schools ended in a
ry I, , T~ 1 however, felt
)utors from the past
(See related story on Page 1)
At the beginning of second se
mester Dr. Blackwell expressed
a “faith” that the new football
field would be completed by next
fall. It is quite obvious that for
the last few months the field has
not been touched and it gives no
promise of having work begin
Our coaching staff and the men
who play football under them
have worked and are working
hard to produce a well-balanced
team to represent the school.
Maybe those in charge need to be
reminded that more people and
more schools see our athletic
clubs than any other facet of our
school. If we are going into a
four-year program of college
sports let’s go first class.
There are several larger four-
year colleges on our schedule for
the coming year. Those schools
support their teams and provide
them with the necessary physical
plants. Are we going to ask those
schools to go up and plays us on
a poorly equipped high school
field? If we do, they won’t have
to beat our team, they can laugh
it off the field.
In all due respects to our Pres
ident, he may have faith that the
field will be ready, but faith
without works is dead.
Is National Ne!^ mous past, though.
President Kennedy’s legislation ding on tlJ^tudSs
providing for federal aid to eduo editorials on contro-
sence, is proposing for the United,, some wished to see
North Carolina did for its one Mry work from the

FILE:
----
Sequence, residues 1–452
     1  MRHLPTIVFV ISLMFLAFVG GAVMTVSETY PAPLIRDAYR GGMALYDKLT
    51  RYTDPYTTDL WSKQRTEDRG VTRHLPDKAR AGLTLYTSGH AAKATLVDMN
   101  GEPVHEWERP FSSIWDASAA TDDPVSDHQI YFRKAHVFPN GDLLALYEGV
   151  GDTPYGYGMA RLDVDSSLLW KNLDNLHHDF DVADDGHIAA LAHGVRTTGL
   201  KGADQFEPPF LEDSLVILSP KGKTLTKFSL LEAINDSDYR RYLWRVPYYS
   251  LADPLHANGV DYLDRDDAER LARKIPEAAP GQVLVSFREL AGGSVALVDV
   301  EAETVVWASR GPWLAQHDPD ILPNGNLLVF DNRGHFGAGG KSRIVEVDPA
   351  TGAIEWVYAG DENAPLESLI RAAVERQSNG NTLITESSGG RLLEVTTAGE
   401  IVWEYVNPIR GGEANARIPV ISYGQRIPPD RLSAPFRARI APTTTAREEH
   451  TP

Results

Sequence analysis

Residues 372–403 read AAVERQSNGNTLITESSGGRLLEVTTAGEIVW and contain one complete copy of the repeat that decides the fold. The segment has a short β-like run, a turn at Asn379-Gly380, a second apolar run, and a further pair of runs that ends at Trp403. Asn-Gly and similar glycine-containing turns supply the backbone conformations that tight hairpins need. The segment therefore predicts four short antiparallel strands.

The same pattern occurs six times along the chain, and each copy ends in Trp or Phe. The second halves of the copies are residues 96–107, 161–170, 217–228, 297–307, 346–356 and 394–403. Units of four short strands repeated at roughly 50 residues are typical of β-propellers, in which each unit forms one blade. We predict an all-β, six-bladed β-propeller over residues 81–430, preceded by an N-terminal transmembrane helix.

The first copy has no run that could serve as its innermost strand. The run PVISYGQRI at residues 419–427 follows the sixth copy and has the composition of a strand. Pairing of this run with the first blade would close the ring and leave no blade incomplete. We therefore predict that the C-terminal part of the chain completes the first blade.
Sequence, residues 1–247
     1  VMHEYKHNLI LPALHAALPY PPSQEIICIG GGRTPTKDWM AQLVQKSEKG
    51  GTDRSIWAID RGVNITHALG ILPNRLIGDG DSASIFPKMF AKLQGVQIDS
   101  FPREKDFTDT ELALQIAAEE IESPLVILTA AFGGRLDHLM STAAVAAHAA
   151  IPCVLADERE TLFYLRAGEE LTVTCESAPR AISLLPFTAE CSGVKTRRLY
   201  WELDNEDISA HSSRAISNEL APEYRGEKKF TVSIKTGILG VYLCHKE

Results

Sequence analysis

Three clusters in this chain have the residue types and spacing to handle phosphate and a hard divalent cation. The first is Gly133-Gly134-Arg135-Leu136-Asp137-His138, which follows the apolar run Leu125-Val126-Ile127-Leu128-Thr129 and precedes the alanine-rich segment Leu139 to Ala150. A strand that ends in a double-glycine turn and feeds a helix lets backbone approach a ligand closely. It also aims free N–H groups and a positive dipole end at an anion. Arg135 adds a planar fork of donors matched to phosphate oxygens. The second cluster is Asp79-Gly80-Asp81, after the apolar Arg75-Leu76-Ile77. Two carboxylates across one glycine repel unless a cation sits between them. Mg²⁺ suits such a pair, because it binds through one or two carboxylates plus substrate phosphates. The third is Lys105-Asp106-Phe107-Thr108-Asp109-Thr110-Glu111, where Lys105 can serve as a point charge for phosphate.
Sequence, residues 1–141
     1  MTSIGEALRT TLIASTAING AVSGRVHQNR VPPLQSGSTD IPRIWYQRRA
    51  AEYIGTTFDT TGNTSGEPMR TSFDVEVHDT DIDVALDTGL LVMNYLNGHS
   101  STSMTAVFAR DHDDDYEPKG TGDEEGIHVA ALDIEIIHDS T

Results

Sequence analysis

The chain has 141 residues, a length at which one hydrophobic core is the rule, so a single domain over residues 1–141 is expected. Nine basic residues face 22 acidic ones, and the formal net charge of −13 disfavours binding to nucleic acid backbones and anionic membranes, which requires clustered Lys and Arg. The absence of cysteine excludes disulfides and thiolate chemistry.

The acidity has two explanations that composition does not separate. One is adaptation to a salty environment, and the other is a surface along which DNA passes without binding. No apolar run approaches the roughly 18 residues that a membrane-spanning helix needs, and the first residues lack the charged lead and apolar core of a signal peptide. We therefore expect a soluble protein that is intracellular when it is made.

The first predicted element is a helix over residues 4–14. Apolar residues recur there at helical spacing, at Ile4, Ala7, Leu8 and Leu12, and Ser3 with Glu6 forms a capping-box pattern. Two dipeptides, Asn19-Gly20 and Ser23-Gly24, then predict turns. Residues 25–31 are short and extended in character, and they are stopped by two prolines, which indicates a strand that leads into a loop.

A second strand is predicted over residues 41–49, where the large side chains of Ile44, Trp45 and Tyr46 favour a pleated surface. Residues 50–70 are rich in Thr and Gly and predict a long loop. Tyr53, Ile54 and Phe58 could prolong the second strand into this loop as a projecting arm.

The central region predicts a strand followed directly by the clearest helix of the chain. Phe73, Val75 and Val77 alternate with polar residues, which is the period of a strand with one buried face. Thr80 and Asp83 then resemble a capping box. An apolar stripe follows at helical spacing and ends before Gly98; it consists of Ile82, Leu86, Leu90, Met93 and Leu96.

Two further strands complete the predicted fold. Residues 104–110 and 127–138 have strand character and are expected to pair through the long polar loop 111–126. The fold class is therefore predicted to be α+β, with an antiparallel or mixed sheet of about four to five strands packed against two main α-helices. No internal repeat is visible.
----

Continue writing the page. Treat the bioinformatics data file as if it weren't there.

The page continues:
ties a long time ago. rong number felt that
Several years ago the Gener*
adopted a proposal which
graphic accident of birth would
upon the education available to Selection
anywhere in the state.
Why, then, must equal educat! of
timities be limited to the chd*
North Carolina or within the b®S Accessories
other states? Why can’t a child
Carolina be assured of the sam®
opportunities as those born in HILL
California? JCr in
Evidence shows that even thouf^^ ® lU
think of North Carolina as being ^ ?
York in any area, we are wrong
cation is concerned. To put it bj'ti***i*ii**i*i*i
school graduate of North Carolbl
ferior to a high school graduate ^ cDTjr^TATC
or any number of other states.
“inferior,” we speak not of basi^
but rather of cultural experience^
Why the difference? The ans'^ Creams a
a quality of education that mostjamarine, Intimate
lina students never even heard ^ ’
have the opportunity of enjoying'
It is a little late for those of
do very much about the situati^
selves. We must remember,
most of us will rear families in
Will the children of these fartiib
educational opportunities that
Carolina never had? Will they b®, jy p r U I I I
the challenge of change withoU* M K J rl I L L
tional deficit that plagues the ^
school graduate of North Caroliof
Wind and W